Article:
The other day, I had been walking down the hallway at school just before fourth period. I had expected the walk to be as uneventful as ever, but I was wrong. As I neared my classroom, I saw a girl standing in front of her friends, knocking the books out of a boy’s arms. Her friends laughed as she made fun of him. And as for me, I had never felt more torn.
The look on this boy’s face was one of complete horror and embarrassment. I did not know what to do. Was I supposed to keep walking, like everyone else in the hallway? Was I supposed to stop and help him pick up his books? I certainly wanted to do the latter, but after a moment’s hesitation I realized that perhaps he did not want help. I might make the situation worse by taking action. It felt as though I was walking on glass, and it was one of the most painful feelings I had ever felt.
We have all been the brunt of a joke. And if not, maybe that is just something I tell myself to feel better. We all know what it feels like to be judged for what we look like, how we act, what clothes we wear. I knew what it felt not to be good enough. I could easily relate to this boy as he bent to pick up his books, his head down as if to hide from the humiliation.
I had taken a moment to look around — to assess the situation. There was, of course, this girl standing with all of her friends laughing at him still. And there had been at least 70 students that had walked by in the last minute alone. Then I wondered: why isn’t anyone doing anything? Why is it that everyone ignores this boy?
All through fourth period, I came up with questions. What gave this girl the right to pick on anyone she chose? Did her friends really think her jokes were funny? Or were they only laughing for the same reason the people in the hallway kept walking? Does this mean that no one cares enough to actually help someone in need? How would it feel if you were in the boy’s situation? Would you not want someone to intervene and help you out?
I had seen this boy before. He was in one of my classes. He sat in his seat the whole class period, taking notes avidly and listening to every word the teacher said. It is clear that he takes pride in what he knows.
After a while, I did not feel sorry for the boy, but instead for the girl. She was clearly insecure and needed to lower someone else’s self esteem just to raise her own. But was it worth it? Did she even know how badly she hurt this boy? And the worst of it — she didn’t even know him. It makes me incredibly sad that this boy was judged like he was. Maybe if she had given him five minutes of her time, she could have gotten to know him, learned something about him that they had in common. He could have been exactly what she needed in a friend.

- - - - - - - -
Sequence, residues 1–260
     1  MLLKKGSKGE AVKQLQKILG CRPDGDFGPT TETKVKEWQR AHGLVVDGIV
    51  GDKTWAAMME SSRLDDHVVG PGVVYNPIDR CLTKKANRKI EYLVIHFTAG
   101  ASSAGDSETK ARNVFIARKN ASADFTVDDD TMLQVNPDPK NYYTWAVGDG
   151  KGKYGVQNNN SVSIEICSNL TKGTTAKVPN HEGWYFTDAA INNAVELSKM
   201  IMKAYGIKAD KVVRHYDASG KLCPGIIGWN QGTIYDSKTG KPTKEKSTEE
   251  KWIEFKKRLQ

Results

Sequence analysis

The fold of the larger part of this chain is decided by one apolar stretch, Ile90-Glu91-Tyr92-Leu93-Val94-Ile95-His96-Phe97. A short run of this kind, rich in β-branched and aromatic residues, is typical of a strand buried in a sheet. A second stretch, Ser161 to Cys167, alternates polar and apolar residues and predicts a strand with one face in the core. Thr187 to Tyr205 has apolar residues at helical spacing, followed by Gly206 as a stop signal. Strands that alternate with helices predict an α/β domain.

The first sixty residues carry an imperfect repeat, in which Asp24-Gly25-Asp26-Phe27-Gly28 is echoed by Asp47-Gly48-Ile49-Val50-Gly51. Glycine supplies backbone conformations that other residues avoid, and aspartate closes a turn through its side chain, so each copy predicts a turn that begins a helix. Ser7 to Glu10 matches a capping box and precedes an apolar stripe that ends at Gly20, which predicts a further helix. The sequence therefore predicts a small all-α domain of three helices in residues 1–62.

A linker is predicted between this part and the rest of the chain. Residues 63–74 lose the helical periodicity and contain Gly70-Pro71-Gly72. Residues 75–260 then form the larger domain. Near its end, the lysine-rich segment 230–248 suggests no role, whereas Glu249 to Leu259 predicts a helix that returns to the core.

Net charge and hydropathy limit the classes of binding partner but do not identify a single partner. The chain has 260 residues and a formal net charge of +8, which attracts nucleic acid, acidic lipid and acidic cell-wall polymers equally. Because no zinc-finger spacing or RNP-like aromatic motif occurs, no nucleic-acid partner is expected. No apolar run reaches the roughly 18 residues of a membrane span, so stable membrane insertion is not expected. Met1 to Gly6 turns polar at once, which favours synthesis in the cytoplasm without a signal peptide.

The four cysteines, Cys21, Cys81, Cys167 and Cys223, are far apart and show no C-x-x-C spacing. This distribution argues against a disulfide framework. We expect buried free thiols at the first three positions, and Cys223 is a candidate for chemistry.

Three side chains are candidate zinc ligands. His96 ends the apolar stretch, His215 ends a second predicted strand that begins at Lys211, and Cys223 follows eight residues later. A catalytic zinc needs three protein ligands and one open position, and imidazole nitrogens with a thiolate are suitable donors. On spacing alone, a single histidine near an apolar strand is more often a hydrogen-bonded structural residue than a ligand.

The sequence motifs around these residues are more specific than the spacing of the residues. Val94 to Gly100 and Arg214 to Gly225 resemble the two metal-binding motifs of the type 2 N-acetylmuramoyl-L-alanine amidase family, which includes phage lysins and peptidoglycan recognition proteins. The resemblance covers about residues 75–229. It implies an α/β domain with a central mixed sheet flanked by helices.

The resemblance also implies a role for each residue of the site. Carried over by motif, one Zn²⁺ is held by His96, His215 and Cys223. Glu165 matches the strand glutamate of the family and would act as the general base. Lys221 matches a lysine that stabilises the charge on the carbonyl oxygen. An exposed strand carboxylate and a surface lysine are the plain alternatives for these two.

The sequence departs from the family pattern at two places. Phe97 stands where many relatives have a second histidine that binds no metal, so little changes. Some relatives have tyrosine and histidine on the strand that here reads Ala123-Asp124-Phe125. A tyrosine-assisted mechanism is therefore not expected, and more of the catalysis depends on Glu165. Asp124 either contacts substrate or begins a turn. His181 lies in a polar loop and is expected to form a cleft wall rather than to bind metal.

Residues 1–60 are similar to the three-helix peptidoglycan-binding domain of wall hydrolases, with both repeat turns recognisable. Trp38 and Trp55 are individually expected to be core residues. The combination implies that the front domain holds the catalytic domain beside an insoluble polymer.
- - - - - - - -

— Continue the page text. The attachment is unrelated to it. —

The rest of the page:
We all judge other people, and yes — even me. But the difference between me and the girl I saw before fourth period is that I would put my judgments aside. What would you do? Would you be the girl making fun of the boy? Would you be the boy being made fun of? I wish I had known what to do.
The world is a sad and broken place in many ways. People are judged every which way. People are made fun of. People are looking for a place to belong. Mix it up a bit. Invite people into your life, no matter what they look like or what they wear. Treat others with respect. And help those who need it. Everyone has a great deal of depth within them, and if we could see that by looking at them, I believe that girl would not have made fun of that boy. Do not be afraid to sacrifice your reputation for your character. Someone who values their reputation more than their character, to me, is the biggest coward there is.
Yesterday, I sat down beside that boy at lunch. I introduced myself, and we got to talking. Just as I had known, he was a great person. He told me random jokes and laughed at mine. And now, I make a point to talk to him every day. I seized the opportunity that the girl making fun of him had not. I put my character before my reputation in order to get to know someone I knew was worth it. And what a surprise — he makes a great friend.
Ilena Adamson is a Bothell resident and Henry M. Jackson High junior.